Integrity of the Payments System
A reliable payments system is crucial to the economic growth and stability of the nation. The smooth functioning of markets for virtually every good and service is dependent upon the smooth functioning of banking and financial markets, which in turn is dependent upon the integrity of the nation’s payments system. History shows that fragility of a country’s payments system can precipitate or intensify a general economic crisis. The breakdown of the payments machinery in the United States during the panic of 1907, which helped to precipitate the creation of the Federal Reserve System, is a case in point. More recently, the 1974 failure of a relatively small German financial institution, Bankhouse I.D., Herstatt, and the consequent uncertainty regarding payments through private clearing networks, temporarily caused substantial disruption in the United States payments system. This clearly demonstrated that financial failures, including those abroad, can transmit systemic effects, via the payments system, to financial institutions in all parts of the world.
As payments-system participant and central bank, the Federal Reserve’s roles are integrally related. The Federal Reserve’s direct and ongoing participation in the operation of the payments system enhances the integrity of the payment process. For example, the Federal Reserve’s final and irrevocable Fedwire funds transfer service reduces the risk that failure of one institution could be transmitted rapidly to other institutions. In addition, in order to carry out its responsibilities as central bank, the Federal Reserve frequently provides payment services to troubled depository institutions that other providers of payment services may not serve because of the risks involved. This helps to ensure that the inability of a depository institution to make or process payments will not trigger its insolvency and that the institution’s problems can be resolved in an orderly fashion with minimum disruptive effects.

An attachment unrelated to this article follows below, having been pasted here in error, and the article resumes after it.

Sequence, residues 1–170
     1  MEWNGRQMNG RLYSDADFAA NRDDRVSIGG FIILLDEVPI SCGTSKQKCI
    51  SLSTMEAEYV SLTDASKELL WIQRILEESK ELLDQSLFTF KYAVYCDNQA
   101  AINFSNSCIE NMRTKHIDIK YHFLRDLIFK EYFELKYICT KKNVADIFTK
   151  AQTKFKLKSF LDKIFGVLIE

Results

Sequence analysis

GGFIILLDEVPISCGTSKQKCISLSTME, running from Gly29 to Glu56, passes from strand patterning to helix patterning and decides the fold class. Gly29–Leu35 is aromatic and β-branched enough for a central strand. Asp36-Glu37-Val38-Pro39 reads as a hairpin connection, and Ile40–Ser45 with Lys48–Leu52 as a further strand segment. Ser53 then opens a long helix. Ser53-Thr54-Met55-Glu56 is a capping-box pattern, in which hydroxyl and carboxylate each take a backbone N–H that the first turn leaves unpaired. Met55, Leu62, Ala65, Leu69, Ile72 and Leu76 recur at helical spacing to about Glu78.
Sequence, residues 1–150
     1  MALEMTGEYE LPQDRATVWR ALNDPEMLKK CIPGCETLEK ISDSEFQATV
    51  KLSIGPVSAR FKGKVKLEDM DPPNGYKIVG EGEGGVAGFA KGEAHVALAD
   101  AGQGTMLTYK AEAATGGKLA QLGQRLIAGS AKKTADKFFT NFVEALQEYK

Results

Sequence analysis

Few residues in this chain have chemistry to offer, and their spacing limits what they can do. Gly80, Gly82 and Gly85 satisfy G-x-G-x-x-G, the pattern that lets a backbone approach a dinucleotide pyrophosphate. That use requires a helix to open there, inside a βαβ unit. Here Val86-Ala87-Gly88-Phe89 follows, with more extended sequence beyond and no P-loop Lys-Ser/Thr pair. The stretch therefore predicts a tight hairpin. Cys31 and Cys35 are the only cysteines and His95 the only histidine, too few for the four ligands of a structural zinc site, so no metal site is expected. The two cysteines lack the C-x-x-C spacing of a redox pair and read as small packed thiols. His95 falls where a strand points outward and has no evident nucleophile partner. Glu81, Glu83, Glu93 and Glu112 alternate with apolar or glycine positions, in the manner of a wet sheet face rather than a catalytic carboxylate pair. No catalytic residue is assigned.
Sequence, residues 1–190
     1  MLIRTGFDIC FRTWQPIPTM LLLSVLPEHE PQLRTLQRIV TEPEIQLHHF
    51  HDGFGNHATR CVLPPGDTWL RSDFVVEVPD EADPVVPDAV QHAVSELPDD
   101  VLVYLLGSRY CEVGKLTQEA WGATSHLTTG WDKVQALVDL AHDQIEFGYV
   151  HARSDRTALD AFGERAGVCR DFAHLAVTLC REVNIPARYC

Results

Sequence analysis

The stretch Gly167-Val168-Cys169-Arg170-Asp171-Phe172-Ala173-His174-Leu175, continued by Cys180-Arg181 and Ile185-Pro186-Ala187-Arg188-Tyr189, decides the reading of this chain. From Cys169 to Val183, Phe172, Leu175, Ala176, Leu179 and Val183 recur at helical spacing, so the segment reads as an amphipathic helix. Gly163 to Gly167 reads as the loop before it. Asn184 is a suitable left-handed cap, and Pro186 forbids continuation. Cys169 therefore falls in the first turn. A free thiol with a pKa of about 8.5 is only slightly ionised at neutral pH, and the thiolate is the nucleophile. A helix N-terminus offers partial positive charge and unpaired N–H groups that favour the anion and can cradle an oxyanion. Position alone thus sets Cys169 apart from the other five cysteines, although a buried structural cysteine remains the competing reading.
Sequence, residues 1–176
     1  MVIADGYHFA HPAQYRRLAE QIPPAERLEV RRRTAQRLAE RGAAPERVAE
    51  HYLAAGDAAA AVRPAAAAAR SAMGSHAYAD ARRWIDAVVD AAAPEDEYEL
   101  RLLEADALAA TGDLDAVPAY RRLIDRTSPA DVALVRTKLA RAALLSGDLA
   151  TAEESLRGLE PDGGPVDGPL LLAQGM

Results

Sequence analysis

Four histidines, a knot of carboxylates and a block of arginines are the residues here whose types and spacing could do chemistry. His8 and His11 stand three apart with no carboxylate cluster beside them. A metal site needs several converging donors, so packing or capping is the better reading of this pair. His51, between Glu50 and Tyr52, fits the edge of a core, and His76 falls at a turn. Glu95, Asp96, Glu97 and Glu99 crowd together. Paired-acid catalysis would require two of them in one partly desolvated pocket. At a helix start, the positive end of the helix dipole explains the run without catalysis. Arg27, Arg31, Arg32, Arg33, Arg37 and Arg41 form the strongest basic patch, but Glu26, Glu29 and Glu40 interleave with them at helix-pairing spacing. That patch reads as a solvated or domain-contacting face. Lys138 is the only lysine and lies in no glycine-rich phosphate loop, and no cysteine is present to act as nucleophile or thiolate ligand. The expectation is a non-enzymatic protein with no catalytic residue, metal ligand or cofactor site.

Efficiency of the Payments System
Federal Reserve involvement in the payments system promotes efficiency for a variety of reasons. The Federal Reserve has a public-interest motivation in seeking to stimulate improvements in the efficiency of the payments system. The Federal Reserve has worked closely with other providers of payment services to develop and use advanced technology and procedures. Because of its day-to-day operating presence in the payments system, it has the know-how to contribute to technical advances as well as the ability to help promote their implementation. Federal Reserve involvement may be particularly appropriate for advances that require widespread cooperation among depository institutions (for example, the introduction and implementation of MICR encoding of checks). Moreover, Federal Reserve involvement as a neutral and trusted intermediary can facilitate acceptance of innovations that improve the efficiency of the payments system. Additional efficiencies result from the scope of the Federal Reserve’s participation in the payments system.
As the Congress anticipated in the Monetary Control Act of 1980, competition between the Federal Reserve and other providers of payment services has resulted in a more efficient payments system. Both the Federal Reserve and other service providers have been prompted by competition to process payments as efficiently as possible and to improve the quality of the services offered.